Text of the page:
M-CSF stimulates bone resorbing activity of mature human osteoclasts via increased activation of AP-1 and NF kappa B

Hodge, J. M., Kirkland, M. A. and Nicholson, G. C. (2007). M-CSF stimulates bone resorbing activity of mature human osteoclasts via increased activation of AP-1 and NF kappa B. In: 29th Annual Meeting of the American Society for Bone and Mineral Research, Honolulu, HI, United States, (S250-S250). 16-19 September 2007. doi:10.1002/jbmr.5650221406


Author Hodge, J. M.
Kirkland, M. A.
Nicholson, G. C.
Title of paper M-CSF stimulates bone resorbing activity of mature human osteoclasts via increased activation of AP-1 and NF kappa B
Conference name 29th Annual Meeting of the American Society for Bone and Mineral Research
Conference location Honolulu, HI, United States
Conference dates 16-19 September 2007
Journal name Journal of Bone and Mineral Research   Check publisher's open access policy
Place of Publication Malden, MA United States
Publisher Wiley-Blackwell
Publication Year 2007
Sub-type Published abstract
DOI 10.1002/jbmr.5650221406
ISSN 0884-0431
1523-4681
Volume 22
Start page S250
End page S250
Total pages 1
Language eng
Abstract/Summary The critical role of M-CSF in the differentiation of osteoclasts (OC) is well established. In mature OC, M-CSF has been reported to regulate survival and motility, but no clear role in resorptive function has been established. In this study we investigated the role of M-CSF on resorbing activity of mature human OC. Human OC were generated by treatment of CFU-GM-derived precursors with soluble hRANKL (125ng/mL) and hM-CSF (25ng/mL) for 14–21d. To quantify resorbing activity, mature OC were dissociated from the plastic substrate using a non-enzymatic buffer, settled onto dentine slices and cultured for 72h. Activation of NFκB and AP-1 was assessed using a sandwich ELISA technique. IκBα and ERK were assessed by Western analysis. Neither M-CSF nor RANKL were required for mature OC survival over 72h. However, resorption function was absolutely dependent on the addition of RANKL. Co-treatment with M-CSF had a concentration-dependent biphasic action, greatly augmenting RANKL-induced resorbing activity (+181%) and actin ring formation (+131%) at 25ng/mL. RANKL alone activated NFκB (+554%). M-CSF had no effect on NFκB but potentiated RANKL-induced activation (+42%). In contrast, RANKL alone had no effect on AP-1 activation whereas M-CSF stimulated weakly (+63%) and the combination produced a synergistic effect (+171%). M-CSF activated phosphorylation of ERK 1/2, peaking at 5 min, whereas RANKL had no effect alone or in combination with M-CSF. M-CSF had no effect on IκBα phosphorylation whereas RANKL alone stimulated, with no additional effect in combination with M-CSF. Time-lapse video-microscopy showed no apparent effect of M-CSF on the motility of OC co-treated with RANKL. We have demonstrated that M-CSF is not required for survival of mature human OC, but it does potently modulate RANKL-induced resorbing activity via NFκB and AP-1 activation. The molecular mechanism of this effect remains to be determined although we propose a convergence of RANK and fms signaling (“cross-talk”) upstream of the critical OC transcription factors NFκB and AP-1. These findings have important implications for the clinical management of diseases associated with excess bone resorption.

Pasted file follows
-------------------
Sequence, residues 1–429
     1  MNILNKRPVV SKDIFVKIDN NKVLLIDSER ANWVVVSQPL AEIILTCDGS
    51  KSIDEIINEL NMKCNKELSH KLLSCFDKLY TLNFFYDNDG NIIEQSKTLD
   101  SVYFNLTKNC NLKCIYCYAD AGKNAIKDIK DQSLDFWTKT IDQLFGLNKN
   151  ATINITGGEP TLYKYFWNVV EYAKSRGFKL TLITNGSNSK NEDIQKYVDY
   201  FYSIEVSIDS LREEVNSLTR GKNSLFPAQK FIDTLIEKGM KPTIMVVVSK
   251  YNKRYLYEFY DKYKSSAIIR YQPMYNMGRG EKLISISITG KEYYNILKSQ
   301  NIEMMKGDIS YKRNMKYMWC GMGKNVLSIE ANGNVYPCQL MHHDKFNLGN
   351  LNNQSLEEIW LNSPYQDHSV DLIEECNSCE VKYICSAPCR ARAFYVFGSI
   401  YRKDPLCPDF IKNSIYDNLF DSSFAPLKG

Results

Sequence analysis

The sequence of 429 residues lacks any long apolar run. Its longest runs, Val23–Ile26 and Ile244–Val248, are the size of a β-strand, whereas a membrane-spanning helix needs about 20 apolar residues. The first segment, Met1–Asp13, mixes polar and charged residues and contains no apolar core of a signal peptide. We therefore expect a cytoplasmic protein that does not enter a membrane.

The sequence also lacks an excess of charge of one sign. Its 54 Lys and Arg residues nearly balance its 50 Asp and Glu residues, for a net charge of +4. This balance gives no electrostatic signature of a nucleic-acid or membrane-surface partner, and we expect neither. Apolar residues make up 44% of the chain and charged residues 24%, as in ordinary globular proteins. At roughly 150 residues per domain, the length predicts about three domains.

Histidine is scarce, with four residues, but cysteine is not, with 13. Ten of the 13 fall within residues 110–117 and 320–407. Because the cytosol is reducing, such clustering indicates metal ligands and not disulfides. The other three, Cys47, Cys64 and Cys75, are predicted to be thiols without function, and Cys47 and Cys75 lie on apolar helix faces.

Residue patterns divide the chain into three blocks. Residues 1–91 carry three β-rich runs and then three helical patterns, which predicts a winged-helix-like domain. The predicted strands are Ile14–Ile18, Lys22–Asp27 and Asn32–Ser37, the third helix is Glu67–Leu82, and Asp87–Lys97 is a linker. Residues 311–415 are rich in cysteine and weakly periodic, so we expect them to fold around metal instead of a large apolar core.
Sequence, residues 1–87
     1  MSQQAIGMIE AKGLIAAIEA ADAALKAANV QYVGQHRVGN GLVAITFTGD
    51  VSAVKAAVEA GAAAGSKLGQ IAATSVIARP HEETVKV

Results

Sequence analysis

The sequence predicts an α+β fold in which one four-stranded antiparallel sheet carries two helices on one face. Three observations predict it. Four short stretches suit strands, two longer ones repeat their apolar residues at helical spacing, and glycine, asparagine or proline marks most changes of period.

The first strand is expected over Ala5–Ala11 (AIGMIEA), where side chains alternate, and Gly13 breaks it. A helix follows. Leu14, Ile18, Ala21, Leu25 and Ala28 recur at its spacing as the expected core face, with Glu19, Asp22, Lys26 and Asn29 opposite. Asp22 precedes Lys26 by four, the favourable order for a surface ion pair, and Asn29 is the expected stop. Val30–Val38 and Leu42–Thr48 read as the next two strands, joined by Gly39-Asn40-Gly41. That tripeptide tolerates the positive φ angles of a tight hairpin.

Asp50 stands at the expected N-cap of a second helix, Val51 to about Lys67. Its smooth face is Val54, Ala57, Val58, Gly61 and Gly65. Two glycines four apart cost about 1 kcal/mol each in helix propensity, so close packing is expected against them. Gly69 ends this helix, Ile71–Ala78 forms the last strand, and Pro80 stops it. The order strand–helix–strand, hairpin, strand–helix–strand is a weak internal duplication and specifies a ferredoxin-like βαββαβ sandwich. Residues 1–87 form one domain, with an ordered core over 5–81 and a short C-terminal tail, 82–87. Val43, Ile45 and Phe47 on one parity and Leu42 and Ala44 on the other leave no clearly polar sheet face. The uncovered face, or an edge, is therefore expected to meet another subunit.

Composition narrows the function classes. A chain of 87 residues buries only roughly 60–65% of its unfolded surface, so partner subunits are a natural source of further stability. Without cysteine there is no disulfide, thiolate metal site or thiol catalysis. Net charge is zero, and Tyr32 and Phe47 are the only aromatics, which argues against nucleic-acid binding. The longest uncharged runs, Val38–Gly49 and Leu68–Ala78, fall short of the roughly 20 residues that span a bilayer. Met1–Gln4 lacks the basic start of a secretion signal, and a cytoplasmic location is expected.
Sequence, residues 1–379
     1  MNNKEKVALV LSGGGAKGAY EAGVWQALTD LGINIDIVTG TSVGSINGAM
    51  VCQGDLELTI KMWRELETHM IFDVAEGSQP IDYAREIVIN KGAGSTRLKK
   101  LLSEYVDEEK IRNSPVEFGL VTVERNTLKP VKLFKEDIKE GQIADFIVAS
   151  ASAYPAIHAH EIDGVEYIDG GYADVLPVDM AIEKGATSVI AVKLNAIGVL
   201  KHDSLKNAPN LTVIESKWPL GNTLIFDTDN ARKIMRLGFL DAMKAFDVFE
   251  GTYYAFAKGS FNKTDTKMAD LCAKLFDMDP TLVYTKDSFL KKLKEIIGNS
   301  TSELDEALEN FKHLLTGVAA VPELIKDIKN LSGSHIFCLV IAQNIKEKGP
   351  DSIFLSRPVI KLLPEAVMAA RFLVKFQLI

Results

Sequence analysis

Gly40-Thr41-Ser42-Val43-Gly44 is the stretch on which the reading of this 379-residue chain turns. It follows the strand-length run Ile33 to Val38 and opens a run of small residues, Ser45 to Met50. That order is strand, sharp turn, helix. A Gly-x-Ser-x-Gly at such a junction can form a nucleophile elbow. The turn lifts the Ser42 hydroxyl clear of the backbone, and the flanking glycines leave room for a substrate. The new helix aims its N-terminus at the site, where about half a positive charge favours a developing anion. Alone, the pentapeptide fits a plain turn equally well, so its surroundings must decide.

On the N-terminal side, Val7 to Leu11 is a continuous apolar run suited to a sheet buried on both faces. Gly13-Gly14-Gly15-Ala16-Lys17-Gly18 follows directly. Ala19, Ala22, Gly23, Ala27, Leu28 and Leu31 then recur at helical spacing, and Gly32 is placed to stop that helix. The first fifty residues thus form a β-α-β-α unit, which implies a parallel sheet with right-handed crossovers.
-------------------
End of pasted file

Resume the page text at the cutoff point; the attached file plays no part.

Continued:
Q-Index Code EX
Q-Index Status Provisional Code
Institutional Status Non-UQ

Document type: Conference Paper
Collection: School of Medicine Publications
 
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